I have a few questions about the aether, and what it means in terms of density. The aether seems to defy everything that I find rational about the Universe, especially in terms of density. The fluid of the aether is deemed to be the most solid substance in the Universe, yet it passes through matter virtually unaffected - as if we were barely here. The following exerpts are taken from a great little essay I read on a blog named "Skulls in the Stars". The author's summary has managed to pretty much sum up some of my own frustration in trying to understand aether theory.
The more I study the history of aether physics, the more I feel that modern physicists underappreciate both the huge influence the theory had on the development of physics and how it indirectly spurred many positive scientific discoveries, even though it is an incorrect theory. The “aether”, for those not familiar with it, was a hypothetical substance theorized in the early 1800s to be the medium in which light waves propagate, just as water waves travel through water and sound waves travel through air. Many papers were written speculating on the nature of the aether before Einstein’s special theory of relativity (1905) argued convincingly that the aether was unnecessary.William Thomson, aka Lord Kelvin (1824-1907) is one of those curious physicists whose name is everywhere, but whose exact achievements in science are hard to pin down. The reality is that his influence can be found in almost every aspect of 19th century physics, and often made very subtle but fundamental contributions to the foundations and methodology of physics. An excellent biography of Thomson and his work can be found at PhysicsWorld, though it requires a (free) registration to read.
He is perhaps most known for his contributions to thermodynamics. When Thomson approached the subject, most physicists believed that heat was a physical substance, dubbed “caloric”. James Joule, another great of the era, was a lonely champion of the idea that heat is the result of the motion and vibrations of atoms and molecules, and the inevitable conclusion that there exists an absolute minimum of temperature (“absolute zero”). His work was mostly ignored by the community until Thomson heard one of his talks in 1947. Here I quote the PhysicsWorld article,
But Joule was not wrong, and Thomson – through careful thought – came to agree with him. Along the way, he connected Joule’s work with that of Carnot on heat engines. In doing so, he devised a more fundamental way of defining the absolute zero of temperature, independent of any particular material substance. It is for this reason that the fundamental unit of temperature was later called the Kelvin – the name Thomson adopted after being made a Lord in 1892. Thomson also saw the idea of conservation of energy as a great unifying principle in science, and introduced the ideas of “statical” and “dynamical” energy – or what we now call potential and kinetic energy.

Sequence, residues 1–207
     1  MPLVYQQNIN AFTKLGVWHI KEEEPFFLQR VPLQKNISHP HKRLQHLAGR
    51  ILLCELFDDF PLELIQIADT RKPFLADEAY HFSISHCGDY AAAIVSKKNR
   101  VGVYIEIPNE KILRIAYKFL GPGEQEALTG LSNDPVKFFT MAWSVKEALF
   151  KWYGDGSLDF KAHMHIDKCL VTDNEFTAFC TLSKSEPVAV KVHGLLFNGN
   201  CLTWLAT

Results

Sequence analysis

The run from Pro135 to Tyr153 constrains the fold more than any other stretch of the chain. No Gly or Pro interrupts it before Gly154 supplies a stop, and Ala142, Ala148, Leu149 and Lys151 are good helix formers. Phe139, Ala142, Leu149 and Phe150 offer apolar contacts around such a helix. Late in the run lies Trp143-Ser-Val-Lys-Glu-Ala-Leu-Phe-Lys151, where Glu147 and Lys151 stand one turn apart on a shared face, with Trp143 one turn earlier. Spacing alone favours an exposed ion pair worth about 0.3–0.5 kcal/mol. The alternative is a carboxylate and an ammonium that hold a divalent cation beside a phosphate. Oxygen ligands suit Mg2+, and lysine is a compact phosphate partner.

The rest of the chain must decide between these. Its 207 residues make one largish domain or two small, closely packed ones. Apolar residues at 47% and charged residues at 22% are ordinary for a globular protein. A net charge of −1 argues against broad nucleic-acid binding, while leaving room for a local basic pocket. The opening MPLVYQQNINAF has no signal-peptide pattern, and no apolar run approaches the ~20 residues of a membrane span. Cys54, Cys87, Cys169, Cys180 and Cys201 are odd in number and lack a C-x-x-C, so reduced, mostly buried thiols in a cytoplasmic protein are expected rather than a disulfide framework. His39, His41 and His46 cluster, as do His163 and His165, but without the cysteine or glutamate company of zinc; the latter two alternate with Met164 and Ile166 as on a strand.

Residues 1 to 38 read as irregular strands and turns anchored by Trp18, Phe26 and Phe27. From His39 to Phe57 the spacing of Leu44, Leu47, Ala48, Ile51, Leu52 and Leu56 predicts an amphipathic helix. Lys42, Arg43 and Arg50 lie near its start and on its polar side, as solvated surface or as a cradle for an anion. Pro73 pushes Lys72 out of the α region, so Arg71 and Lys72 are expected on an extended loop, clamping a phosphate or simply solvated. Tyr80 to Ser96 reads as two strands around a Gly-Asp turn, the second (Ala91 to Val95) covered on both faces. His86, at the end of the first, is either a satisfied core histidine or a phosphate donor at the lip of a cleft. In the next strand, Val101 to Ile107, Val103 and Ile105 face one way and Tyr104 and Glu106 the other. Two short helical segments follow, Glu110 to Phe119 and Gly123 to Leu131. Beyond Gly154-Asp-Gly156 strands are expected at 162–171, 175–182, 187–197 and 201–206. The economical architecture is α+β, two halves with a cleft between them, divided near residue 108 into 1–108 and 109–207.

It is difficult to disentangle Thomson’s work on heat and the conservation of energy from that of other scientists of the time, including Clausius, Helmholtz, Joule, Liebig and Rankine. All of them can take some of the credit for the first and second laws of thermodynamics – ideas that are so important to modern science that each contributor should be held in high regard.
Thomson played a large role in establishing the formulation of physics in terms of energy! This gives some idea of what I mean when I say that Thomson made subtle but fundamental contributions. He did not invent the idea of conservation of energy, but was instrumental in shaping its use and emphasizing its importance in all physical problems.
The PhysicsWorld article also suggests that it was Thomson, in correspondence with Stokes, who actually first stated the fundamental result of vector calculus known as Stokes’ theorem. He even proposed one of the first unified theories of atomic structure, proposing that atoms are in essence swirling vortices in the aether (I’ll have to post about this again in the near future).
By Lord Kelvin’s estimate, the hypothetical aether is orders of magnitude less dense than hydrogen gas, which is a real problem because the aether was also assumed to be a solid material; liquids and gases cannot support transverse waves.
The one intellectual leap that Lord Kelvin fails to make, however, is to doubt the existence of the aether itself. As we have noted, Kelvin’s conclusions make for a very strange material: it is a solid, but incredibly less dense than hydrogen gas; it has inertial mass, but not gravitational mass; it is a massive solid that does not interact with ordinary matter. With hindsight, these conclusions scream out against the existence of the aether, and it is telling that such a brilliant scientist such as Lord Kelvin did not realize that something was wrong. The notion of the aether was so ingrained in the minds of the physicists of the time that they never even considered questioning it.
Kelvin’s musings do illustrate nicely that the evidence was piling up against the aether; in only a few short years, in 1905, Einstein would, in essence, find the smoking gun against it.